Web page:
NEWS

Police take aim at crime for Olympics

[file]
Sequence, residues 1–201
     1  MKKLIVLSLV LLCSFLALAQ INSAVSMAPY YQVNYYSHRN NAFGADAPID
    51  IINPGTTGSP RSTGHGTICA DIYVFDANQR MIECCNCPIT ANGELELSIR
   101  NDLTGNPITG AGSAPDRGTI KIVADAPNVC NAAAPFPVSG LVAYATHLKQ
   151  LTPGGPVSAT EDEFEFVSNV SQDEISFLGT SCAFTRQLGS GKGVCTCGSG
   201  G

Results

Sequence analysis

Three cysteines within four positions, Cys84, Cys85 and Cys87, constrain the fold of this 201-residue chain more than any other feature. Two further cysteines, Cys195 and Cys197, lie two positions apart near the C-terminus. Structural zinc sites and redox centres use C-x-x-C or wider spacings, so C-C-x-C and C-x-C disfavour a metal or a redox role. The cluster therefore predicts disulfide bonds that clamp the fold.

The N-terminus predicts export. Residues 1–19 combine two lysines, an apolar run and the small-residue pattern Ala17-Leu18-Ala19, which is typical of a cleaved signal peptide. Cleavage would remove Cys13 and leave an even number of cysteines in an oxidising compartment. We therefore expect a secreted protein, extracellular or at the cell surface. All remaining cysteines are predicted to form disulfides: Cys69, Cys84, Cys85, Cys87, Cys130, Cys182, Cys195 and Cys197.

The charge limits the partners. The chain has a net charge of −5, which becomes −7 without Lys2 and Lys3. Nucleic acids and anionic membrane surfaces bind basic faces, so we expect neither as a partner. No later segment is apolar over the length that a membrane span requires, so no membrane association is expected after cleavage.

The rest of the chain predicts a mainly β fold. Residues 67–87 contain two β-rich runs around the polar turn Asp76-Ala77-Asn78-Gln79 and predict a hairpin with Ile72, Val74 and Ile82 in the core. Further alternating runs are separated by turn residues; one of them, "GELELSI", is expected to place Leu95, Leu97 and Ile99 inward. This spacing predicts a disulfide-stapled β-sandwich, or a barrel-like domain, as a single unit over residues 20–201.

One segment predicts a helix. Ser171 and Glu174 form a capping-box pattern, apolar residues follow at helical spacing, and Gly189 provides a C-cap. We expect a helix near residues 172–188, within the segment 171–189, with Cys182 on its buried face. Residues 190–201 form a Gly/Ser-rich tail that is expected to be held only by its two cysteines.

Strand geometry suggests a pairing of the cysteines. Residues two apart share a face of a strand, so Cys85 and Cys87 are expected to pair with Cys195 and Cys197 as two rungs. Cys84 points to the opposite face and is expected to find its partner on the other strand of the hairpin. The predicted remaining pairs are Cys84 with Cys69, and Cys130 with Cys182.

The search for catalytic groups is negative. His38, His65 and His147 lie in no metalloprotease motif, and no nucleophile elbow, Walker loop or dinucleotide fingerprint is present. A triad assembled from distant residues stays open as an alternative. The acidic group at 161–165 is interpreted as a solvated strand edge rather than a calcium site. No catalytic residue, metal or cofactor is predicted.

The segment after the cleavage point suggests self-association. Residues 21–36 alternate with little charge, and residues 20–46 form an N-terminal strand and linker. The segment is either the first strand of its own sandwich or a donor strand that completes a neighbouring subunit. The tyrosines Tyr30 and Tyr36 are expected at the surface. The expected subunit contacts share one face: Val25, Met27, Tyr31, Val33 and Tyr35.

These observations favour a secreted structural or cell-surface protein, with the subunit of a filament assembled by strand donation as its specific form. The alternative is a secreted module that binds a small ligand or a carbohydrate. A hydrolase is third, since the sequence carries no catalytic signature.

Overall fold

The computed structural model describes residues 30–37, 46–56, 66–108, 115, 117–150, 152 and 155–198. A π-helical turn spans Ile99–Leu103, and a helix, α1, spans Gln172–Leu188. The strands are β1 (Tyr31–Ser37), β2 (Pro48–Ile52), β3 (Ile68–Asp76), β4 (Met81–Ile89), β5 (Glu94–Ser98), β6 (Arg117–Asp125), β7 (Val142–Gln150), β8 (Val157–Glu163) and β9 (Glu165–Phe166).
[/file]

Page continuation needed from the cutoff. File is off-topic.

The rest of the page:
Greece’s top police officials met in Athens yesterday to evaluate crime-fighting efforts, to plan strategy and to apply measures that have been drawn up in preparation for Athens 2004. Public Order Minister Giorgos Floridis, who was appointed on July 4, heard the views of police chiefs from all over the country regarding crime-fighting efforts in their regions and the particular challenges of each region. Floridis was also able to present his ministry’s priorities with regard to cracking down on crime while also improving the image of the police in citizens’ eyes. Special emphasis was placed on the Olympics. Aside from the security preparations, which are said to be going well, the Public Order Ministry is also concerned at the impressions of a lack of security caused by common crime. For example, the fact that there were 100 bank robberies in Attica in one year could create negative impressions and be used against Greece. The ministry is completing talks with the Hellenic Banks’ Association to upgrade security at banks and Floridis has said that banks will soon install security systems. Underscoring the urgency of this task, three bank robberies took place in Athens while the talks were being held, with a total 19,000 euros being stolen. One of the priorities in the strategy against crime is for the police force to reorganize itself and make better use of its personnel. The ministry wants to free police from non-police work and use them more productively. Kathimerini reported earlier this month that while police stations are often understaffed to the point of limited effectiveness, some 3,000 officers are still assigned to guard former cabinet ministers, journalists, businessmen and even television presenters. The total police force in Attica – where 75 percent of Greece’s crimes are committed – numbers 20,000. An estimated 6,000 policemen guard potential targets of crime or terrorism. About half of them guard embassies, public buildings, banks and foreign companies, and another 3,000 guard former ministers or members of Parliament, businessmen and others. With domestic terrorism routed, many officers are expected to be reassigned.